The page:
The re-categorization or renaming of ideas, items, laws, etc. has been used many times in the past to achieve political/financial goals.

Think hemp and Marijuana, the named was changed to start afresh with a new, controlled image(a bad one) and it was put into a much stricter category of drug as far as law and government control was concerned.

It seems to be fairly effective too.

The Grip Tightens (1)

pvspencer22 (820672) | more than 5 years ago | (#25173753)

Not surprising after Comcast does something like limit bandwith. ________________ Abalastow Compendium [pbwiki.com]

The Customer is Always Right (1)

PPH (736903) | more than 5 years ago | (#25173767)

So, if your customers want to use P2P applications and their ISP is hogging the bandwidth with Pay Per View or Video On Demand services, then these must be the pollution that needs blocking. Right?

They are so full of shit. (1)

Jane Q. Public (1010737) | more than 5 years ago | (#25173785)

They want to "police" the 'net, but they don't want any of the liability that comes with being the police. Like acting legally, and ethically, and within the rules themselves.

This is nothing more than yet another thinly-veiled attempt to wrest more power over the traffic they carry (not even veiled, really, but the excuses are thin).

Corporate-backed censorship, or "traffic shaping" or whatever language you want to use for it, has ALWAYS turned out to be a bad idea. The telephone companies do not try to tell you what to say over their lines. Internet carriers should be equally aloof. For their own good, AND ours.

No, They don't want to police the net. (4, Insightful)

Lead Butthead (321013) | more than 5 years ago | (#25173903)

They want to CHARGE YOU THROUGH THE NOSE for the PRIVILEGE of using the net. And you are expected TO THANK AND *PAY* THEM FOR IT. Everything else are just excuses.

No it's not you. (3, Interesting)

Pig Hogger (10379) | more than 5 years ago | (#25173895)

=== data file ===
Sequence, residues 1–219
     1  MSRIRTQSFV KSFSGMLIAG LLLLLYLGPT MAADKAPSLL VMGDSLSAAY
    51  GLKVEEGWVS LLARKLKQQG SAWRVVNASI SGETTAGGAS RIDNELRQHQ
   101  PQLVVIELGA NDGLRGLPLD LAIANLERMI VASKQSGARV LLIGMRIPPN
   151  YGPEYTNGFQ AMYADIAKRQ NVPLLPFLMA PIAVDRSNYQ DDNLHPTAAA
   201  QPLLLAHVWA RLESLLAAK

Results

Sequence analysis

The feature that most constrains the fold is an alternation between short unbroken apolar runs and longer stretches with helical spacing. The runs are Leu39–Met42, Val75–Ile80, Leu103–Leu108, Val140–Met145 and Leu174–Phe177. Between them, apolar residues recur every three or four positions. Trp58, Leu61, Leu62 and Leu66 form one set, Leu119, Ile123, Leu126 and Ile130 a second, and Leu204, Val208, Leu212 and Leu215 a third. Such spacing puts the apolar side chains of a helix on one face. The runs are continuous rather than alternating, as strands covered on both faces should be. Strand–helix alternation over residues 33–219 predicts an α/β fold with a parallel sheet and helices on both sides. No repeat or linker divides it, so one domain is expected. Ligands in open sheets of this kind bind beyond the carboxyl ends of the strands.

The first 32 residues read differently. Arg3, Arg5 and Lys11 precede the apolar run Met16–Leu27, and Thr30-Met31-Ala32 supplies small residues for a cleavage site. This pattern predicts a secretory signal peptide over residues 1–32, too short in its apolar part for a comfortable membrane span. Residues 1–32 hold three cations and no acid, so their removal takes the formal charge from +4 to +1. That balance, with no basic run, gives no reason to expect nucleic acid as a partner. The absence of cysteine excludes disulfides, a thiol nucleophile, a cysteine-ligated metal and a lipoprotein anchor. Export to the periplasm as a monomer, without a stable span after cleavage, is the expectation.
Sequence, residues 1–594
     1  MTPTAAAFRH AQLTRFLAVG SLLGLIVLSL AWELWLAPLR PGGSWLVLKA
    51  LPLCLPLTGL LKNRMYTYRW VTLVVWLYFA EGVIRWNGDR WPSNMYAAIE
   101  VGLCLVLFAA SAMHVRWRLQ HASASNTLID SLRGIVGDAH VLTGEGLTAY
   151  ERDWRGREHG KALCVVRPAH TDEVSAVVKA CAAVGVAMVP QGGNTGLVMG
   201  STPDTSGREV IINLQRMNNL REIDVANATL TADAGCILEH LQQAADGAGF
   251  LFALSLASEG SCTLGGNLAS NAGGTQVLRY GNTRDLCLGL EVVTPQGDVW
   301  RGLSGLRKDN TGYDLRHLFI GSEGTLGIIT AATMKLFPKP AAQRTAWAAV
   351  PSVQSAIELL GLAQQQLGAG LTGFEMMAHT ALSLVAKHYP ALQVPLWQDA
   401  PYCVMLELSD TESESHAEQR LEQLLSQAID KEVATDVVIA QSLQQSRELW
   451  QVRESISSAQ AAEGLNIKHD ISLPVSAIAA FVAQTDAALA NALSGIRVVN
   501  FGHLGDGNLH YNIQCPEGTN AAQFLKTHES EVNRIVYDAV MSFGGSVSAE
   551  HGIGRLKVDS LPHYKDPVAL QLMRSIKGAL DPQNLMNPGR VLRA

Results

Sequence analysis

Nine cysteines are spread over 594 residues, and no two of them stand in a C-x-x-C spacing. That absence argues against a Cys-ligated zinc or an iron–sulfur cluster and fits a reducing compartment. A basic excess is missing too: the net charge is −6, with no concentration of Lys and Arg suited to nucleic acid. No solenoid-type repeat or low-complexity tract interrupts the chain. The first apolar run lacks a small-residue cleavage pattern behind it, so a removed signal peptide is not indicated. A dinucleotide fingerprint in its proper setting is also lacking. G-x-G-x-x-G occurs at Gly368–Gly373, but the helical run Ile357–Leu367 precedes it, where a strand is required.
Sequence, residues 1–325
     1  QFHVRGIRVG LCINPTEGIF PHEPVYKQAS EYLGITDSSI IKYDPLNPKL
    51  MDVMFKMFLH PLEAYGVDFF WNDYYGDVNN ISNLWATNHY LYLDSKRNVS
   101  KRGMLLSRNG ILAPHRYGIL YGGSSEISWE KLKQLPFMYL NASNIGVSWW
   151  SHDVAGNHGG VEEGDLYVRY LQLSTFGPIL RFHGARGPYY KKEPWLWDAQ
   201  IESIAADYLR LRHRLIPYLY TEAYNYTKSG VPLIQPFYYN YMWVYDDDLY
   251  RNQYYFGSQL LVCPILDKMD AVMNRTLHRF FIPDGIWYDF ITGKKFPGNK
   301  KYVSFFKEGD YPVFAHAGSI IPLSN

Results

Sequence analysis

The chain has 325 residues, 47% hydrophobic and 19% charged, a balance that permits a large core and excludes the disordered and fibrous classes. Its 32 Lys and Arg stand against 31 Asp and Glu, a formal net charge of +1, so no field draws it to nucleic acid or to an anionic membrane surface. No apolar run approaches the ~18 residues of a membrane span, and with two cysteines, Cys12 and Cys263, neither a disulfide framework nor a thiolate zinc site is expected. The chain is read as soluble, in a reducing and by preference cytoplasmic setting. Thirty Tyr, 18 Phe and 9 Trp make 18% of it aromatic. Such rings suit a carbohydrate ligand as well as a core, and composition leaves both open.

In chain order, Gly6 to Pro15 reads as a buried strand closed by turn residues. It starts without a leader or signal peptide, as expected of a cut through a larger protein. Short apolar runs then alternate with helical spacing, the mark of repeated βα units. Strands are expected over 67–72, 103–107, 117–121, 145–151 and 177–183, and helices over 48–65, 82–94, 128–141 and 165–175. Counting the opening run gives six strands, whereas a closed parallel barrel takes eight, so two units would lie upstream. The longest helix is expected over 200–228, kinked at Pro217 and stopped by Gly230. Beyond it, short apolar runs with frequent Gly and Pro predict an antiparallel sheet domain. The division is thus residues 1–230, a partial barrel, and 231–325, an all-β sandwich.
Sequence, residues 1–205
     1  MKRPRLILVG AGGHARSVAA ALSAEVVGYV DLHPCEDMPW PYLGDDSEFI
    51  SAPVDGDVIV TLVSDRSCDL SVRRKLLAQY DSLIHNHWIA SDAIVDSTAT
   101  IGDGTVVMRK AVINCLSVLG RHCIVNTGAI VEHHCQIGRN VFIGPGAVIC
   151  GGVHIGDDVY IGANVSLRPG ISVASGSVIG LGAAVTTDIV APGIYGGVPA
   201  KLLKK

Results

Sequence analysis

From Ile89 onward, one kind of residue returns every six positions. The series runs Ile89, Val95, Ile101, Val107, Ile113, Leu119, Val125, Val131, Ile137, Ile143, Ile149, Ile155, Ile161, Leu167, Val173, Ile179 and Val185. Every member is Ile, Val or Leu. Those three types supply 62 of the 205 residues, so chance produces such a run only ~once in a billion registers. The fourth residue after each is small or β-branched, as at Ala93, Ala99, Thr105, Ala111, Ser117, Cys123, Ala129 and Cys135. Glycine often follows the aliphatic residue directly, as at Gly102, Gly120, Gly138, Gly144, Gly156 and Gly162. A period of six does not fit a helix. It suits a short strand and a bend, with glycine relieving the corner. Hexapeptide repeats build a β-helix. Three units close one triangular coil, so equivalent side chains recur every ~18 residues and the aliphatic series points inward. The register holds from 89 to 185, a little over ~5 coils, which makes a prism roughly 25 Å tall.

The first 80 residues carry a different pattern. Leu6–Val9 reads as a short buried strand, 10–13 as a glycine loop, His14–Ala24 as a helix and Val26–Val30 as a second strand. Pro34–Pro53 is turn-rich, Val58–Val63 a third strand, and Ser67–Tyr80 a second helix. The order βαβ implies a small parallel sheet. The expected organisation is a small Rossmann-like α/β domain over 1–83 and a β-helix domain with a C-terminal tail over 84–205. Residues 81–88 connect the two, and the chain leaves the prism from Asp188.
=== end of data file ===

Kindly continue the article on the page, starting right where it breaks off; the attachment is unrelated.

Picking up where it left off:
It's just the bourgeois finally waking-up and wanting to put back the genie in the bottle, so they get back to the times where only the very rich can afford a printing press or a radio station or a TV studio so they can tell everybody what THEY approve of and nothing else.

Re:No it's not you. (1)

couchslug (175151) | more than 5 years ago | (#25174473)

"It's just the bourgeois finally waking-up and wanting to put back the genie in the bottle, so they get back to the times where only the very rich can afford a printing press or a radio station or a TV studio so they can tell everybody what THEY approve of and nothing else."

It's part of the cycle of history. Eventually, masters remove the reasons for slaves no to kill them, and the cycle starts anew.

Re:No it's not you. (1)

Pichu0102 (916292) | more than 5 years ago | (#25175259)

It's part of the cycle of history. Eventually, masters remove the reasons for slaves no to kill them, and the cycle starts anew.

Hate to break it to you, but that cycle is dead. It's all downhill for the middle and lower classes, and all uphill for the upper clsses until the end of time now. Who owns the bigger guns? Military. Who owns the military? The upper class.
Armed resistance, or for that matter, any form of resistance against the upper class will inevitably fail, because they can wipe you off the map or have you "disappeared" with just the push of a button.

Alrighty then (2, Funny)

Ranger (1783) | more than 5 years ago | (#25174091)

The first thing I want to filter is the filtering lobby.

Here goes some Karma (1)

Toll_Free (1295136) | more than 5 years ago | (#25174143)

This sure isn't going to be popular, but I didn't see anywhere that they where attempting to lump anything with anything else.

Pirating software is illegal. Get over it. Anyone else here that is a developer shits all over themselves over stupid licenses (think all the GPL crap that goes on here). As soon as you stop bitching about your licenses, maybe someone else will stand up and listen, and actually LISTEN to what you have to say.

--Toll_Free

Re:Here goes some Karma (1)

Tuoqui (1091447) | more than 5 years ago | (#25174595)

No Pirating Software isnt 'Illegal' it is a civil law matter until the Intellectual Property lobbies actually force a law that makes all piracy a federal offense so the US can put 10% of its population into jail instead of just the 1% they're doing at the moment.

Re:Here goes some Karma (3, Insightful)

plasmacutter (901737) | more than 5 years ago | (#25175051)

If the internet were around back in the 1920's

"Drinking beer is illegal. Get over it."